Mindfulness Clinic | Articles
The Mindfulness Clinic Blog is an informative platform to keep you up to date with emerging evidence, practice and recommendations from practitioners, wisdom traditions, scientists, psychologists, journalists, and neuroscience from the global community.
Mindfulness-Based Stress Reduction (MBSR) works as well as common antidepressants to reduce anxiety
New research shows that MBSR, including breath awareness and body scanning, is as effective at treating anxiety as a commonly-used antidepressant. The research adds to a growing body of data that shows that practicing mindfulness can be a powerful and effective treatment for anxiety.
This Is Your Brain on Mindfulness Training
Studies have shown that mindfulness training can boost a range of mental and physical health problems, but how it works hasn’t been clear. Now, researchers have developed a model suggesting that mindfulness influences health via stress reduction pathways.
Can mindfulness practices strengthen your parenting skills?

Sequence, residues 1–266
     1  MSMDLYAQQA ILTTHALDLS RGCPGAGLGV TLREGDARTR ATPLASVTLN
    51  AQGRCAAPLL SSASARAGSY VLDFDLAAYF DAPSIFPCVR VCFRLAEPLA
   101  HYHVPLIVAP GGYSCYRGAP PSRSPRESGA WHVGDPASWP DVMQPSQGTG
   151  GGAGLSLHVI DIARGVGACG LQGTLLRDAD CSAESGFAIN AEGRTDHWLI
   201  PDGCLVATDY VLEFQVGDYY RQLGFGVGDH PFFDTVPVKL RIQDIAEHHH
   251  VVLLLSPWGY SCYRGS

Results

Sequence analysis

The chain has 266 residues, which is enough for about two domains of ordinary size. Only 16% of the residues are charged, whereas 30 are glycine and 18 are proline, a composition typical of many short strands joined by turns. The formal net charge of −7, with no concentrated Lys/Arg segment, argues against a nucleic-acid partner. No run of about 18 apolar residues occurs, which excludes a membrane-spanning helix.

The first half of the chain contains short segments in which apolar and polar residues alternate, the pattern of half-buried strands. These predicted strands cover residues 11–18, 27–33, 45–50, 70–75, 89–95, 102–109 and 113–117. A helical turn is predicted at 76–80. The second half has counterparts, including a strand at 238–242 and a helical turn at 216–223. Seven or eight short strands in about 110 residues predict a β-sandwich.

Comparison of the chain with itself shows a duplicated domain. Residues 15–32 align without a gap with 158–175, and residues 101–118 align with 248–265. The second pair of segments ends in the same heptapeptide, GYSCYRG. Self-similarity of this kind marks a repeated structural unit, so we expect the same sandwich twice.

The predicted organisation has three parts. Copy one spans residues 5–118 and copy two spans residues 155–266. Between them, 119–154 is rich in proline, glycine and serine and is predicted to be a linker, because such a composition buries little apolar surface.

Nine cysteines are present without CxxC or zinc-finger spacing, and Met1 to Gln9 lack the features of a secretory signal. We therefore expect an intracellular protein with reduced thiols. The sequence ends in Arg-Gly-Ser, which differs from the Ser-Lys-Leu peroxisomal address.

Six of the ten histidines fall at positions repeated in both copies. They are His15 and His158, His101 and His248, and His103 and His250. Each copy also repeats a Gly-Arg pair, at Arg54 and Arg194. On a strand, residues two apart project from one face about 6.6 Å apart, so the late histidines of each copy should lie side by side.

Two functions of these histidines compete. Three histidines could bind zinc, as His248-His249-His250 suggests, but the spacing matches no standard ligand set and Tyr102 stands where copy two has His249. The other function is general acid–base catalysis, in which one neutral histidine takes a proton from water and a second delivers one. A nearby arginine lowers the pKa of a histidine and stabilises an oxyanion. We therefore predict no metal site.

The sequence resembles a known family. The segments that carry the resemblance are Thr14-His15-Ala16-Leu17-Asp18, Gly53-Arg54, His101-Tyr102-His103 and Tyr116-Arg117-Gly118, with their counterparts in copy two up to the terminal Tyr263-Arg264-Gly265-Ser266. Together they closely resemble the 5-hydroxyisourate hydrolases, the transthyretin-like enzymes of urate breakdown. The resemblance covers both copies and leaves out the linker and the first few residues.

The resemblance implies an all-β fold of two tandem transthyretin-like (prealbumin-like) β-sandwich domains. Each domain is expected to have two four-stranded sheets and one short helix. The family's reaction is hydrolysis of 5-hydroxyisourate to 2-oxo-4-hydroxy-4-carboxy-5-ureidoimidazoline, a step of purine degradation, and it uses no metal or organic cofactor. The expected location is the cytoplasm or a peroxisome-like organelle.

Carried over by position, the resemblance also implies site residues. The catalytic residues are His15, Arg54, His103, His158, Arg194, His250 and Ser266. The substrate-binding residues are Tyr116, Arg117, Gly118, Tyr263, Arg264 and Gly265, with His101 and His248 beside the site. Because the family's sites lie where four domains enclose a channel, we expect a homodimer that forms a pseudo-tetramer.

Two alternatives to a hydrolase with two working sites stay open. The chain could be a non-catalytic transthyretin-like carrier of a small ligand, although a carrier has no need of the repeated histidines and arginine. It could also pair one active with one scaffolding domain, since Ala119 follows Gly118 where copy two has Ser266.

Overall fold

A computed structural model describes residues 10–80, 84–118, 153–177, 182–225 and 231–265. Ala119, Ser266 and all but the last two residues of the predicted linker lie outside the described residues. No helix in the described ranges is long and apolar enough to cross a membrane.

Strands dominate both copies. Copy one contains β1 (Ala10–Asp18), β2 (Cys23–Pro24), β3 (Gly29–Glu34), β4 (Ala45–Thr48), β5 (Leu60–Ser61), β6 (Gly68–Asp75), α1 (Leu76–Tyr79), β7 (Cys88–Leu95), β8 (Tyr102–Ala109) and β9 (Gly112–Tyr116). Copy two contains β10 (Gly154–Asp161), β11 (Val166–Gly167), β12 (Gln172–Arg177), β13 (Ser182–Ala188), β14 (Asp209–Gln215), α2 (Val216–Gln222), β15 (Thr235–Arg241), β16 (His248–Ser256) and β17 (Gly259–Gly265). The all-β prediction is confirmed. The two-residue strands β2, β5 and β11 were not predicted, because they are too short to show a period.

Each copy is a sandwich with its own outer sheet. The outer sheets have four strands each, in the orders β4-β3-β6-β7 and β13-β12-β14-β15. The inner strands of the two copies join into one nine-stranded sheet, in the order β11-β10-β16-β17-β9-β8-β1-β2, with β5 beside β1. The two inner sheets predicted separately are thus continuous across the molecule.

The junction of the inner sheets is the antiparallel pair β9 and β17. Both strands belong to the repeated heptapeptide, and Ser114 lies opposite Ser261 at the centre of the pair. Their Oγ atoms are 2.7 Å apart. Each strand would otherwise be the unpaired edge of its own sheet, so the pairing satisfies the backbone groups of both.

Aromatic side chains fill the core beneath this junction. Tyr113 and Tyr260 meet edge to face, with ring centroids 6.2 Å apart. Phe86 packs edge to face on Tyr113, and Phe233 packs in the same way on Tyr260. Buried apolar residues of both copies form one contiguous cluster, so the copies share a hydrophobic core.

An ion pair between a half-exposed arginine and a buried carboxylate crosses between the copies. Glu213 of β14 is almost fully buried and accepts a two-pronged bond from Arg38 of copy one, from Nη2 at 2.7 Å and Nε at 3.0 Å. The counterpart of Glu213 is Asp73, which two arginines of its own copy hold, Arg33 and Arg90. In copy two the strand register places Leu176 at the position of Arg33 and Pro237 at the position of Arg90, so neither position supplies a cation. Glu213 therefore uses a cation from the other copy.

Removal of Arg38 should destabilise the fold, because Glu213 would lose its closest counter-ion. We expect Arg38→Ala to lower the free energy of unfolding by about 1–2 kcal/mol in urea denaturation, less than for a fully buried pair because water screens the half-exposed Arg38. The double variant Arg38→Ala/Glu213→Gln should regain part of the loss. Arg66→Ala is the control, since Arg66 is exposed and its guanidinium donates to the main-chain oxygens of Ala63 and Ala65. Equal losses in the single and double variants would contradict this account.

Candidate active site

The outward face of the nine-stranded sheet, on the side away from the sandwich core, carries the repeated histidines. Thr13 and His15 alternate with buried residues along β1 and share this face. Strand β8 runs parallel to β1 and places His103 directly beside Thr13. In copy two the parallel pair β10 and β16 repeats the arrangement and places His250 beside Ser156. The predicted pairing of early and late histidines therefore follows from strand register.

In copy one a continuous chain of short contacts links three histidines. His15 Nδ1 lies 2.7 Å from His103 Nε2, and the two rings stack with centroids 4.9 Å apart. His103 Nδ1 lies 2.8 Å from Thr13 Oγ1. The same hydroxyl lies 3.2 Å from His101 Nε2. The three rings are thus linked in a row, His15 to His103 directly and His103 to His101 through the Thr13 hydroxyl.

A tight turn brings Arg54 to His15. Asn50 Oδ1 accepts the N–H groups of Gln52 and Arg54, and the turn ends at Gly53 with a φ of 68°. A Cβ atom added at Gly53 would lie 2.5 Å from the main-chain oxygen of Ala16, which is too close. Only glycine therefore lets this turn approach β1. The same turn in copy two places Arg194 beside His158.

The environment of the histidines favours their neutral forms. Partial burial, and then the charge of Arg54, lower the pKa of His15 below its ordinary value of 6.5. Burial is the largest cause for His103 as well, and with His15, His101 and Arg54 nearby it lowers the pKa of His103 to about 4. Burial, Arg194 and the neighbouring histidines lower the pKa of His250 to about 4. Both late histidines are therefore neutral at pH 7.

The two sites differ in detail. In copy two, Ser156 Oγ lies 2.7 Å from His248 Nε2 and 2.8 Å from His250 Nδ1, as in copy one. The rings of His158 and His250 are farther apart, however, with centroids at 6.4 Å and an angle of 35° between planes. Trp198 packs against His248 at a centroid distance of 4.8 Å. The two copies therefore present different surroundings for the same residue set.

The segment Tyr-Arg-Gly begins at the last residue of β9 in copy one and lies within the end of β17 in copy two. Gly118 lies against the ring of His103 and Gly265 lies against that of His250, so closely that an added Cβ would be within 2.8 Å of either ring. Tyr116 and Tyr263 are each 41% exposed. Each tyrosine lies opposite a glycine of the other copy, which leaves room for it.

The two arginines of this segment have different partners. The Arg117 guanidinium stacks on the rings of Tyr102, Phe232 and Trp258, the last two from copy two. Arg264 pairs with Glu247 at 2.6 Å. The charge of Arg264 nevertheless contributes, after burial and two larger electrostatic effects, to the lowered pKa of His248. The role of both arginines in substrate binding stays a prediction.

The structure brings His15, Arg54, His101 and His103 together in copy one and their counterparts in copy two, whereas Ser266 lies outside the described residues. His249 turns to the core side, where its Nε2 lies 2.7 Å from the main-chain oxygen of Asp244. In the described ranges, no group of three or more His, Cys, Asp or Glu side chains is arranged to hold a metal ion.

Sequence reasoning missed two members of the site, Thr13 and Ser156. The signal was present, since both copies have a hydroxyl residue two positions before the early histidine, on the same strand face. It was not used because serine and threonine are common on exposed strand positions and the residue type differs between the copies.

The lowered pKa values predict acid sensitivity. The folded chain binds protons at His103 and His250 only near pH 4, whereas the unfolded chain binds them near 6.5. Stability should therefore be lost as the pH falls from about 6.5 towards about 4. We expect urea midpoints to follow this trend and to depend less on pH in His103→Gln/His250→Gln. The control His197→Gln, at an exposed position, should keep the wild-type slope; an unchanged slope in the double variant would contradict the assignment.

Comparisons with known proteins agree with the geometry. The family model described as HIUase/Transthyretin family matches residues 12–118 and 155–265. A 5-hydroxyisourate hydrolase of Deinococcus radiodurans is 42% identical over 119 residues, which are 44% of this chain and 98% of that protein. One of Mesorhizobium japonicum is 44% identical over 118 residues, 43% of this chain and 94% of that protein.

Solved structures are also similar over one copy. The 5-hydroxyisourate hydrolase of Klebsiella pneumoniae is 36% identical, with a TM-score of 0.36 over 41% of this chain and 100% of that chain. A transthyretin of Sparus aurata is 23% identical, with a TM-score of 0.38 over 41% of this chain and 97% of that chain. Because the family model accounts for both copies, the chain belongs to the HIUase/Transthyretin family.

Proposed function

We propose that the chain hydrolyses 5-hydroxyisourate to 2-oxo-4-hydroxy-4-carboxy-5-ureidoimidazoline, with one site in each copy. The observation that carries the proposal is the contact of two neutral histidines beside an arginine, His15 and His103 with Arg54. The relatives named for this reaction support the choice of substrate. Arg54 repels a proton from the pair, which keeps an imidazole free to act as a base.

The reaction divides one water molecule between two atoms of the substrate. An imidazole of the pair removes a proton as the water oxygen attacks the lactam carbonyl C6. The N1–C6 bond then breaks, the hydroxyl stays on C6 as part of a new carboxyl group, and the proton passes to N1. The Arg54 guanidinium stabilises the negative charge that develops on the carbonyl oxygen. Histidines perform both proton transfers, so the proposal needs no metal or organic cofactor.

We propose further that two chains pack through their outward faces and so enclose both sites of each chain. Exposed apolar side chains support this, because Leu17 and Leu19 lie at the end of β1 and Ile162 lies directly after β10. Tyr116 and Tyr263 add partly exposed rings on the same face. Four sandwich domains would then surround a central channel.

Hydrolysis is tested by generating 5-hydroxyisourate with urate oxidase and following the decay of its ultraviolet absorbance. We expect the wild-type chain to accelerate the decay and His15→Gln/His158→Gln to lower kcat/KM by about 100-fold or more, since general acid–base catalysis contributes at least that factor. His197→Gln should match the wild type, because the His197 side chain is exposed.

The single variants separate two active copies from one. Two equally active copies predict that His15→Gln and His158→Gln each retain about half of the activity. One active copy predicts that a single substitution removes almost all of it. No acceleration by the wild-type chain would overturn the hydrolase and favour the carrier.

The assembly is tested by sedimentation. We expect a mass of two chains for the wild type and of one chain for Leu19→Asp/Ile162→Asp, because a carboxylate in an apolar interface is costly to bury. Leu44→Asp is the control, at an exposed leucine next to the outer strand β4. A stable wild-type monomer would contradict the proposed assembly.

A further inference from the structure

Parenting adolescents can be challenging due to the rapid changes happening for young people cognitively, emotionally, physically and socially. Research shows that parental practices and adult mental health play important roles in the overall mental health and wellbeing of young people.
How Mindfulness Training Affects Health
Carnegie Mellon University's J David Creswell—whose cutting-edge work has shown how mindfulness meditation reduces loneliness in older adults and alleviates stress—and his graduate student Emily Lindsay have developed a model suggesting that mindfulness influences health via stress reduction pathways.
Mindfulness may be ‘as effective’ as anti-depressants for preventing relapse in recurrent depression
Mindfulness-based cognitive therapy (MCBT) may be as good as pills at preventing people who are recovering from major bouts of depression from relapsing, according to a new study led by Oxford University. Read more here.
Distress around Covid-19 is not a mental illness. It’s an understandable reaction.
Sudden and unexpected events can elicit intense emotions, uncertainty and catastrophic thinking. During a pandemic, it is reasonable to feel worried, anxious, confused and to experience low mood. Now is the time to take responsibility and to learn to manage your mental health.
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